Press Release: New EU state aid rules: Does Brussels Aim to Freeze Energy Innovation?

The European Commission has adopted today new rules on public support for projects in the field of environmental protection and energy which may abruptly hamper the market uptake of emerging geothermal power technologies.

The new rules aim to integrate renewables into the market. As of 2016 operating aid for renewables should be granted by way of a premium or certificates to operators which sell the electricity directly on the market. From 2017 this aid is allocated via a competitive bidding process open to all technologies regardless of the maturity.

Geothermal, however, has received very limited support compared to that received by other renewable technologies; Effective feed-in tariffs were only put in place in the last few years and in limited countries. New and breakthrough geothermal technologies like Enhanced Geothermal Systems should benefit from the same instruments in order to achieve the same cost reduction. But the new guidelines impose their phase-out, including for emerging technologies, which risks blocking investment and innovation in Europe.

March Edition of the EGEC Newsletter out now

March Newsletter 2014Click here to read it

Editorial
Revision of state aid
Crimea Crisis

Policy
New EU state aid rules: Germany, France, UK, Italy oppose overly restrictive proposal

Open letter to EU’s Heads of State and Government: Investing in renewables for heating and cooling could save the EU €11.5bn per year on gas imports

Joint Press Release: Want a competitive Europe? Embrace renewables

Want a competitive Europe? Embrace renewables

One day ahead of the European Heads of States and Governments’ discussions on the 2030 climate and energy framework proposals, the European renewable energy associations jointly call on EU leaders to fully grasp the long-term benefits of an ambitious nationally binding EU renewable energy target.

The European economy is exposed to volatile fossil fuel prices and insecure fossil fuel imports, especially in these days of geopolitical turmoil at our borders. It must confront climate change. It is facing international competition in sectors of strategic importance for Europe’s growth. In view of the European Council meeting tomorrow, the renewable energy associations emphasise the need for a sustainable and cost-efficient energy mix that can help Europe tackle these challenges.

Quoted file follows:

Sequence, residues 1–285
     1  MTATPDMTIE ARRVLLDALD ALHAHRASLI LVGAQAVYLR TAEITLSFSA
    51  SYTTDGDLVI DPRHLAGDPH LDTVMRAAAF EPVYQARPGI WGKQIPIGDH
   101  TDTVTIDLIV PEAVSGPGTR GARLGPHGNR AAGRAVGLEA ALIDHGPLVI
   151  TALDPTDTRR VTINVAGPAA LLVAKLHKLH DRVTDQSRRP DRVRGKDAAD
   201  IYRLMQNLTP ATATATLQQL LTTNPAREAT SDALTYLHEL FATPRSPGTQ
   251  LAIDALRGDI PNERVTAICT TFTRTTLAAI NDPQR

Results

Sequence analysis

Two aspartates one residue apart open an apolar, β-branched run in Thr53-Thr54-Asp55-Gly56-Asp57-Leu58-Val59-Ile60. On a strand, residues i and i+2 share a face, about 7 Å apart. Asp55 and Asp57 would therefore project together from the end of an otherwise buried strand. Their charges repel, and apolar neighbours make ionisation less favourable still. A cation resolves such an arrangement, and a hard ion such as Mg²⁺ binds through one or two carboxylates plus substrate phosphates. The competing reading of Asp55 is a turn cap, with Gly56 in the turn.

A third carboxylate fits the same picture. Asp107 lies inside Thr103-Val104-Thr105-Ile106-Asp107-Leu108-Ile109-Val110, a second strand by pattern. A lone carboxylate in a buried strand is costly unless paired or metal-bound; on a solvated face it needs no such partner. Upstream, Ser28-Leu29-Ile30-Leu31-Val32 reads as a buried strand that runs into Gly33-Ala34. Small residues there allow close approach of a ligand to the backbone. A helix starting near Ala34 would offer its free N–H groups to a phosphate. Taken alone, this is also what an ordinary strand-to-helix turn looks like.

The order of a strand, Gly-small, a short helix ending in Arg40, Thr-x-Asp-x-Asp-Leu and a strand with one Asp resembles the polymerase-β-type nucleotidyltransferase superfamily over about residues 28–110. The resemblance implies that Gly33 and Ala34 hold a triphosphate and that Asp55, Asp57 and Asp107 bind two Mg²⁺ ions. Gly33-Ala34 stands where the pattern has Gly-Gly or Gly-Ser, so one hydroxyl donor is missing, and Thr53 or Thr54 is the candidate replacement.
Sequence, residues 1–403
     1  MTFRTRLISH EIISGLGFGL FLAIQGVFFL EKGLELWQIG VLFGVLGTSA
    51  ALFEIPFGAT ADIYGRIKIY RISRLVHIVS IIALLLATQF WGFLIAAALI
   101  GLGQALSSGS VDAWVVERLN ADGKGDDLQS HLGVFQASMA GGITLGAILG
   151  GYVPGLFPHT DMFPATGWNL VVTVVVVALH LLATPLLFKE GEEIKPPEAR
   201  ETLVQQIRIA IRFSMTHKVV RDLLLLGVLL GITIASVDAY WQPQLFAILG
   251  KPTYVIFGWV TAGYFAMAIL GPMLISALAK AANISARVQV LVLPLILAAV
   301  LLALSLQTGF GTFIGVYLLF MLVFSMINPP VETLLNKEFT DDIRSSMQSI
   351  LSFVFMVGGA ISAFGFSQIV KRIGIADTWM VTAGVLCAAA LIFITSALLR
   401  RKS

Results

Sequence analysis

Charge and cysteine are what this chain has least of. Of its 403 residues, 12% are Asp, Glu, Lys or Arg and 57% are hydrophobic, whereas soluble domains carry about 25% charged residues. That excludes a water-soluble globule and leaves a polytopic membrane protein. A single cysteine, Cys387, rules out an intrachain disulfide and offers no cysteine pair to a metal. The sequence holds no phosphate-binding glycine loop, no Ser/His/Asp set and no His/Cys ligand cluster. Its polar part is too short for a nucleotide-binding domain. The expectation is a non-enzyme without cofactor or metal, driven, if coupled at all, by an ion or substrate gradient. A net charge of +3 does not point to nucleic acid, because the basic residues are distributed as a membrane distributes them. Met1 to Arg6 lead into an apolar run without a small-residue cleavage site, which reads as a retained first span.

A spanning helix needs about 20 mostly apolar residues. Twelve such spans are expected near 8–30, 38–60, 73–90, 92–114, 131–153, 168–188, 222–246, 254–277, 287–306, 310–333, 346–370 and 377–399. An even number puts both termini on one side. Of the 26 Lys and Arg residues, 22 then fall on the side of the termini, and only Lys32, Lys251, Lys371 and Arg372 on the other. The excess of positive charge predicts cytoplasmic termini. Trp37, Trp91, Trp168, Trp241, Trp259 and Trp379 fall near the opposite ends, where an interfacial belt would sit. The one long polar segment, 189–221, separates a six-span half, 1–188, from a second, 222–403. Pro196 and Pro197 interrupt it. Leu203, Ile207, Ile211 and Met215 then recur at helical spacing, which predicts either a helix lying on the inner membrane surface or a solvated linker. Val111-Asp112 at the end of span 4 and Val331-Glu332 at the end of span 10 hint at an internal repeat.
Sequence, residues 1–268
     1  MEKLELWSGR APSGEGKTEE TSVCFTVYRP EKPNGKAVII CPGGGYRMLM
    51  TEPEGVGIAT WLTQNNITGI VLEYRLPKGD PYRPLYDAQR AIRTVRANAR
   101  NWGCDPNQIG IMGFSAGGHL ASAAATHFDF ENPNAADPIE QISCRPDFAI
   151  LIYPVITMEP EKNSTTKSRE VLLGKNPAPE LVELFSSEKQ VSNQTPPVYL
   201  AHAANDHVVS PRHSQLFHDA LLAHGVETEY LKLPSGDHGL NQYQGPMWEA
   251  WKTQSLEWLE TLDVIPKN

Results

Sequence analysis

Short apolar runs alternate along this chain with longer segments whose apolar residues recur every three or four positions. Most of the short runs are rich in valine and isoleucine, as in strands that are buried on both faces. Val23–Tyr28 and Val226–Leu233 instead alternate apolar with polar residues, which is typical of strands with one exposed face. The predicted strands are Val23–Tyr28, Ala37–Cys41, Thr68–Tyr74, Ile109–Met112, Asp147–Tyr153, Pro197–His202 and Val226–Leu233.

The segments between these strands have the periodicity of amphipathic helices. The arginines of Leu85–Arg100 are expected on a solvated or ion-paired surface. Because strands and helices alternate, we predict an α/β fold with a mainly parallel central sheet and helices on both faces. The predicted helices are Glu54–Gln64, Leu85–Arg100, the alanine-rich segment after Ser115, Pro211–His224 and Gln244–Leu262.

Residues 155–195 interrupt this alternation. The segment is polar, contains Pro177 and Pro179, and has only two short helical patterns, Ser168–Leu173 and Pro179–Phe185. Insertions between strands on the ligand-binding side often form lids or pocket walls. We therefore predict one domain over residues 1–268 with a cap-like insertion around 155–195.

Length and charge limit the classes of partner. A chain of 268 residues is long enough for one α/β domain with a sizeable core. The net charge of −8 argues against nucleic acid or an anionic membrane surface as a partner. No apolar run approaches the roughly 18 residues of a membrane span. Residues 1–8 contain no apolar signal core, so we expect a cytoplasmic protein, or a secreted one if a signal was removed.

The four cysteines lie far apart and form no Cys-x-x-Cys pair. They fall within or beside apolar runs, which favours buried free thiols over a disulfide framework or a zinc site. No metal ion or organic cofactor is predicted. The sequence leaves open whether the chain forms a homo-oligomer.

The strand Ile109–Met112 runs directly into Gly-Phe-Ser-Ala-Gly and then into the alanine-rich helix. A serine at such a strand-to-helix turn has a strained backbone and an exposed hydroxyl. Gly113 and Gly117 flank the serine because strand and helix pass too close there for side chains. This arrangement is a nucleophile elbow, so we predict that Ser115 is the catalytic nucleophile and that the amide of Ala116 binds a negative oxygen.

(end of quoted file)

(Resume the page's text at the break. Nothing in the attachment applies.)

Open letter to Heads of State and government

Crisis in Ukraine and energy dependency: investing in renewables for heating and cooling will bring security of supply and more competitiveness

AEBIOM, EGEC and ESTIF have today addressed an open letter to Heads of State and government ahead of their spring meeting in Brussels.

The growing uncertainties over the crisis in Ukraine show once again all the limits of Europe’s energy dependency. This dependency has weakened geopolitical influence on the international arena and fuelled  dramatic GDP-leakage.

Achieving the additional renewable energy consumption in heating and cooling foreseen by Member States between 2011 and 2020 could allow the EU to reduce its import of natural gas from third countries by the equivalent of 35 Mtoe per year from 2020. With current import prices ($11.5/ MMBtu or EUR 8.4/MMBtu) , this would save the EU as a whole some EUR 11.5 billion per year.

In view of the upcoming discussion of the European Council on EU climate and energy policies beyond 2020, there is a great opportunity to correct the lack of awareness and political support to renewables for heating and cooling.

Click here to read the full letter.

Update: The council has called on the Commission to ‘conduct an in-depth study of EU energy security and to present by June 2014 a comprehensive plan for the reduction of EU energy dependence. The plan should reflect the fact that the EU needs to accelerate further diversification of its energy supply… [and] continue to develop renewable and other indigenous energy sources.’

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EGEC guide to Horizon 2020: Funding opportunities for Geothermal

Horizon 2020 is the European Union’s funding programme for Research and innovation which will make €80bilion (excluding private funding) available for European research between 2014 and 2020.

The EGEC guide to the programme can now be downloaded from the members’ section of the website.

Calls for 2014 and 2015 are now open, with the first deadline in March. In 2014, opportunities exist in the LCE category for shallow geothermal with a call for projects investigating vertical borehole drilling technologies. For deep geothermal, a range of calls exist in the same category for 2014 and 2015; they concern new drilling technologies and concepts, the development of new geothermal technologies, and the testing of EGS.